from Betty Shelden Knopf, Ed.D. ()
Happy New Year! According to the 2019 Old Farmer’s Almanac, the year ahead will have some fascinating trends. Examples include pet doors operated with microchips to allow entry only to authorized animals; older collectors will crave nostalgia and younger buyers will seek simple technology such as rotary phones, film cameras, and manual typewriters; and DNA kits will help us choose foods based on genetics. In addition, people will have self-imposed smartphone-free time periods.
Mid-century homes are popular on television home-improvement programs. Do you remember mid-century words and phrases such as 35mm, Super 8, Ektachrome, Kodak, flashbulbs, and slide projectors? I am currently dealing with three, yes three, large plastic storage containers, not boxes, filled with 8mm films and 35mm slides. My grandfather, George Webster Shelden, had a small movie camera that came out regularly on birthdays and family fishing trips. My father, Roger F. Shelden, carried on the movie tradition using the same movie camera starting when his grandchildren were born. My goal is to do something with the movie films, over 50 rolls, and the slides, endless boxes of slides.
I have organized the movies by dates written on the boxes. However, we have discovered the old movie projector does not work as the rubber belt has deteriorated and no replacement is available. Contact has been made with a specialty belt manufacturer to make a new belt. I will give an update later.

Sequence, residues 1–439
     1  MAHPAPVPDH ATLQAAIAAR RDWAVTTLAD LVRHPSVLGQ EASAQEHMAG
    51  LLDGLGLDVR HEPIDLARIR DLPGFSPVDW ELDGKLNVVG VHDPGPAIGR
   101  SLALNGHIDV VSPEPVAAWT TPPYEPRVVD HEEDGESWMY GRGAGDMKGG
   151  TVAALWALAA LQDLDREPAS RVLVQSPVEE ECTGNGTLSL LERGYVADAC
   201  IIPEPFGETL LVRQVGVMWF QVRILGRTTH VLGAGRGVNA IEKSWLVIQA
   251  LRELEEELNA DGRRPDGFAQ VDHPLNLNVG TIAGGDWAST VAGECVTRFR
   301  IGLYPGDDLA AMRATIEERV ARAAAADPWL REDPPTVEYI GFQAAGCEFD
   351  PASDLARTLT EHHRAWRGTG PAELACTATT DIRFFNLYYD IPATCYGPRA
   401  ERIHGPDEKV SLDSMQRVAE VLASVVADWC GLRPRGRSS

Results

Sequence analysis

For the last three weeks, I have been diligently viewing, sorting, and discarding 35mm slides. I have been using a flimsy slide sorter with a light. This has been a huge undertaking! I have decided to send my relatives the slides of their weddings, graduations, and trips. However, I would like some of your ideas for how to store slides and how to you display them. Surely, I cannot be the only person to have these mid-century photo challenges. Please contact me with your ideas!!!!
Did you know that the first week of January 1892 saw the opening of the new U.S. immigration station on Ellis Island in New York Harbor? A 15-year old girl from Ireland named Annie Moore became the first immigrant to be processed there. Immigrants who crossed the Atlantic disembarked to be screened by doctors and immigration officers. If they were in good health and their papers in order, they were allowed into the United States. Over the years, 98 percent of all those examined at Ellis Island were admitted into the country. More than 40 percent of all U.S. citizens can trace their ancestry through those immigrants. Ellis Island closed as an immigration station in 1954. In 1990 it reopened as the Ellis Island Immigration Museum. (Source: The American Patriot’s Almanac by Bennett and Cribb, 2010)
I would like to challenge SFA members to share their Ellis Island stories. Genealogy includes records, evidence and oral histories. Did your grandparents share their experiences coming to America? Write it down to share it with your family and with your SFA family. Send your short story to our Quarterly Editor Michelle Masson at . (The deadline is February 15, 2019.) Please let me know if you do this.
January 28 is Data Privacy Day: According to the Winter 2019 issue of AAA/VIA Magazine. Guard yourself against cyber crime by changing the passwords of your online accounts. Choose a short sentence you’ll remember. Use at least 12 characters and create a unique one for each website.
St. Louis Trivia: Saint Louis University was the first university founded west of the Mississippi River in 1818. The 1904 World’s Fair in St. Louis popularized a number of new foods, including the hot dog, the ice cream cone, and iced tea. The 2019 Sheldon Family Association Reunion will be held in St. Louis. More trivia: St. Louis County is the birthplace of our son, Kevin Shelden Knopf.
Starting 2019 with appreciation: In response to the December 2018 Tidbits item on storing records and documents, an SFA member replied, “I’ve created a simple private website (I am not a web developer) where I store some genealogy and I can share it with family members who might be interested. I can access it anywhere online, sort of like your ‘cloud.’”